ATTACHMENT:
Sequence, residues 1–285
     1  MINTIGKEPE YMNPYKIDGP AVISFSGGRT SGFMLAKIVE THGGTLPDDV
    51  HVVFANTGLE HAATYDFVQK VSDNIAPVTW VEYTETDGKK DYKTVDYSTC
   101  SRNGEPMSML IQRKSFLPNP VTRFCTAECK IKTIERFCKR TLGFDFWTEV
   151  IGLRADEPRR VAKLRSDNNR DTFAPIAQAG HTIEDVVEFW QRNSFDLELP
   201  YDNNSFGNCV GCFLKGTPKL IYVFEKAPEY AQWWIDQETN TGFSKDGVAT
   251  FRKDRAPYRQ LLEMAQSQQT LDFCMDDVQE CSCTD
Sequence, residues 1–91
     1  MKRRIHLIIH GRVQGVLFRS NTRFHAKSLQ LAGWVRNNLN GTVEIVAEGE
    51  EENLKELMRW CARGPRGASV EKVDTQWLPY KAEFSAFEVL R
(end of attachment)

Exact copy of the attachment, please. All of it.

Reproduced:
Sequence, residues 1–285
     1  MINTIGKEPE YMNPYKIDGP AVISFSGGRT SGFMLAKIVE THGGTLPDDV
    51  HVVFANTGLE HAATYDFVQK VSDNIAPVTW VEYTETDGKK DYKTVDYSTC
   101  SRNGEPMSML IQRKSFLPNP VTRFCTAECK IKTIERFCKR TLGFDFWTEV
   151  IGLRADEPRR VAKLRSDNNR DTFAPIAQAG HTIEDVVEFW QRNSFDLELP
   201  YDNNSFGNCV GCFLKGTPKL IYVFEKAPEY AQWWIDQETN TGFSKDGVAT
   251  FRKDRAPYRQ LLEMAQSQQT LDFCMDDVQE CSCTD
Sequence, residues 1–91
     1  MKRRIHLIIH GRVQGVLFRS NTRFHAKSLQ LAGWVRNNLN GTVEIVAEGE
    51  EENLKELMRW CARGPRGASV EKVDTQWLPY KAEFSAFEVL R